What is it about?

The process of cell division ensures that each daughter cell gets a complete copy of the replicated parental DNA, a failure of which leads to genetic diseases like cancer. Centrosomes are organelles that anchor the mitotic spindle apparatus and help to accurately segregate the replicated DNA content. However, multiple tumors show centrosome amplification which leads to alterations in the amount of DNA inherited by tumor cells and centrosome amplification is correlated with advanced tumor grade and poor clinical outcome. Cancer cells cluster centrosomes to either poles undergoing pseudo-bipolar divisions thereby limiting the massive DNA loss and subsequent cell death observed in cells undergoing multipolar division. We observed that loss of 14-3-3γ leads to decreased stiffness due to defects in cell-cell adhesion hence undergoing pseudo-bipolar division whereas cells with a loss of 14-3-3ε underwent multipolar division.

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Why is it important?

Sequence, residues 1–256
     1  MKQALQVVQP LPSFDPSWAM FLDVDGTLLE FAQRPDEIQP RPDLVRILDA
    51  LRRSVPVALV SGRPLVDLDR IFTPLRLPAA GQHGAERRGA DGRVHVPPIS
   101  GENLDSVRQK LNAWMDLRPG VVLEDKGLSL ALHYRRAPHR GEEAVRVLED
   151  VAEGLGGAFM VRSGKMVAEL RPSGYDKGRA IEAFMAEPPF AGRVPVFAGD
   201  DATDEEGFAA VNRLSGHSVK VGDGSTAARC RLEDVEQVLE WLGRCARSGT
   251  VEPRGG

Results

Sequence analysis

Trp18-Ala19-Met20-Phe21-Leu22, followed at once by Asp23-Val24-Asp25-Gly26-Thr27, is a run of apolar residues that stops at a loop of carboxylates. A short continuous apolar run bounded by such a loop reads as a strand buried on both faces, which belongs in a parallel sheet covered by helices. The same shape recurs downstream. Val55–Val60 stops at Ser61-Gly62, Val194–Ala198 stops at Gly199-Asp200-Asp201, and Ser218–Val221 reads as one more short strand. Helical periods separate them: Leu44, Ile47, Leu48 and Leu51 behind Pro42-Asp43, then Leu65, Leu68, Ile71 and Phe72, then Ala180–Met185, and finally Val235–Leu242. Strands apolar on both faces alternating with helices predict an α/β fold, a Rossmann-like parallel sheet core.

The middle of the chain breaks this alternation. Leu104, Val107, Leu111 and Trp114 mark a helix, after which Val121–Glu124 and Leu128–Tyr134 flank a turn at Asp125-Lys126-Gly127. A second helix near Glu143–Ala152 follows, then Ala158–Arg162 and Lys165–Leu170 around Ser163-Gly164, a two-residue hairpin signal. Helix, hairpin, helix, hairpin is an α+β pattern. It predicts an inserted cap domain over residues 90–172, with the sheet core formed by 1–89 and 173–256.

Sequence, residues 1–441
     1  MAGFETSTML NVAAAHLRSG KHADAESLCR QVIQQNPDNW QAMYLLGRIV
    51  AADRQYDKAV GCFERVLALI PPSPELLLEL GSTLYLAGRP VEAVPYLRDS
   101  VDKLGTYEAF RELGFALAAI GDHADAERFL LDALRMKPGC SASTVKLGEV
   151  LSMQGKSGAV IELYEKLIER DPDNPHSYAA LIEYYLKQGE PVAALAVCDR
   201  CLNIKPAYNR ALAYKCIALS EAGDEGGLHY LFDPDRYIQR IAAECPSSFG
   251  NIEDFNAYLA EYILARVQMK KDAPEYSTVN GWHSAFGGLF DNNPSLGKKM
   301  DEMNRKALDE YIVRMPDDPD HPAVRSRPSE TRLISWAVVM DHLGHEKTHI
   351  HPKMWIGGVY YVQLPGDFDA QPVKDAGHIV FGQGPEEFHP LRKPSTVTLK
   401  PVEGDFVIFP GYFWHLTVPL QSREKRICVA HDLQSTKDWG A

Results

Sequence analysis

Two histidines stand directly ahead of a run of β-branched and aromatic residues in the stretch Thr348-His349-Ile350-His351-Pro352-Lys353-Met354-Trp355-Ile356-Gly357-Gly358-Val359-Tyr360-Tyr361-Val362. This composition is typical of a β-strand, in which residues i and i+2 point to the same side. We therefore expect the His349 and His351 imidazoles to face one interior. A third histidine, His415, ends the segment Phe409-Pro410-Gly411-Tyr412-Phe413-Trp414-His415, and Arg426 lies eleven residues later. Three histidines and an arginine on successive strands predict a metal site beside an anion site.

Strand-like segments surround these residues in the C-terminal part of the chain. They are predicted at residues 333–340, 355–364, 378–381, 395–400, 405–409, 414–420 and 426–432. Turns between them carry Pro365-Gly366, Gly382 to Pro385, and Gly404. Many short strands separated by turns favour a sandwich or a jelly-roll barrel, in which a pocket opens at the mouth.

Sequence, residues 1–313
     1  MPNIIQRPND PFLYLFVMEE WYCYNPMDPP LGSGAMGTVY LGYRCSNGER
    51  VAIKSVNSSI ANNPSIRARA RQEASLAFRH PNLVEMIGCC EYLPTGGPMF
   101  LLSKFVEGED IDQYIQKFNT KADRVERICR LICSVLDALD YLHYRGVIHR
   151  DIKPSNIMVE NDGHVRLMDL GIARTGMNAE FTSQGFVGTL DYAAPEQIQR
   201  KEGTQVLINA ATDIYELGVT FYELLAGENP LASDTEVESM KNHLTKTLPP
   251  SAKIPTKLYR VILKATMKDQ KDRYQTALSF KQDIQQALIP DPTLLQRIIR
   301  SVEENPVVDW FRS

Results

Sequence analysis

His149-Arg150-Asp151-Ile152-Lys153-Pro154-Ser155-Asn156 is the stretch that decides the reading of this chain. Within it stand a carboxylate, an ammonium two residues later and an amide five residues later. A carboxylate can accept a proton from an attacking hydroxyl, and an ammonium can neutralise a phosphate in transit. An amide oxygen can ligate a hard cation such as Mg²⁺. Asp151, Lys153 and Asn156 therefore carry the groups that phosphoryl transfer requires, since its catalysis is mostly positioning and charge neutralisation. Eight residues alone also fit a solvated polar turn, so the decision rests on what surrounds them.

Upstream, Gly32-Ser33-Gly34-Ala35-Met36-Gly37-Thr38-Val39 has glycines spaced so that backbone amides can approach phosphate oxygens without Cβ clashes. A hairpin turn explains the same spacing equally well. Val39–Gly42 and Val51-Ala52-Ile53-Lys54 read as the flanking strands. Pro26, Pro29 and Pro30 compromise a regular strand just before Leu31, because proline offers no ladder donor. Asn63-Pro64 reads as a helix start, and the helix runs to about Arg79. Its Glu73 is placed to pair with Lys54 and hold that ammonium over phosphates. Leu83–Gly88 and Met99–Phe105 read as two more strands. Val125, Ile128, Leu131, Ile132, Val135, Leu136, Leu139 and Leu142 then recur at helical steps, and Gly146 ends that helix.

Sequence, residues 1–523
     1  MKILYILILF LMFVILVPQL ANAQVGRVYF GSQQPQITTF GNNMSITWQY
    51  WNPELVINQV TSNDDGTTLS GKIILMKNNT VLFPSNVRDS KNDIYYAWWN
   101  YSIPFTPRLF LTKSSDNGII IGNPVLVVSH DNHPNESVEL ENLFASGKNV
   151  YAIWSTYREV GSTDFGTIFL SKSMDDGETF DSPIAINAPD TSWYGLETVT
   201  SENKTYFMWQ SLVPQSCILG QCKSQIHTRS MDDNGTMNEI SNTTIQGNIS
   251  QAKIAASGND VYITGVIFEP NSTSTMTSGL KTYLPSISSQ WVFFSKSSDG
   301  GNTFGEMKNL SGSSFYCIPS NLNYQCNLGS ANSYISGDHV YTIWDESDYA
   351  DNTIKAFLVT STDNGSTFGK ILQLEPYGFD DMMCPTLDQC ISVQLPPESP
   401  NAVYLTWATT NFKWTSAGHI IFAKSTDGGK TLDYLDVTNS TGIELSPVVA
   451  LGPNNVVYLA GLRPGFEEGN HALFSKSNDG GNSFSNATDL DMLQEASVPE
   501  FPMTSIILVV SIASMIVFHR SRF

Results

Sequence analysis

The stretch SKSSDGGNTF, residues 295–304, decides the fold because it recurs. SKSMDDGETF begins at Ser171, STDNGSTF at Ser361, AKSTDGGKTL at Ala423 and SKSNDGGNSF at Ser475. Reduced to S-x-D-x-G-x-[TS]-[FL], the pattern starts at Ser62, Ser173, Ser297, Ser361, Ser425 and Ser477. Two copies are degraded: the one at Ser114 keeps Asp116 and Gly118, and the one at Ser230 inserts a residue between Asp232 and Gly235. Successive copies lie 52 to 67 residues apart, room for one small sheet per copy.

Decreased cell-cell adhesion is a phenotype associated with tumor cells. These results suggest that the ability of the desmosome to anchor keratin filaments maintains cell stiffness, thus inhibiting centrosome clustering, and that phenotypes observed upon 14-3-3 loss reflect the dysregulation of multiple pathways and studying how different pathways are affected by the loss of a single gene can identify mechanisms underlying tumor progression.

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This page is a summary of: Disruption of desmosome function leads to increased centrosome clustering in 14‐3‐3γ‐knockout cells with supernumerary centrosomes, FEBS Letters, October 2021, Wiley,
DOI: 10.1002/1873-3468.14204.
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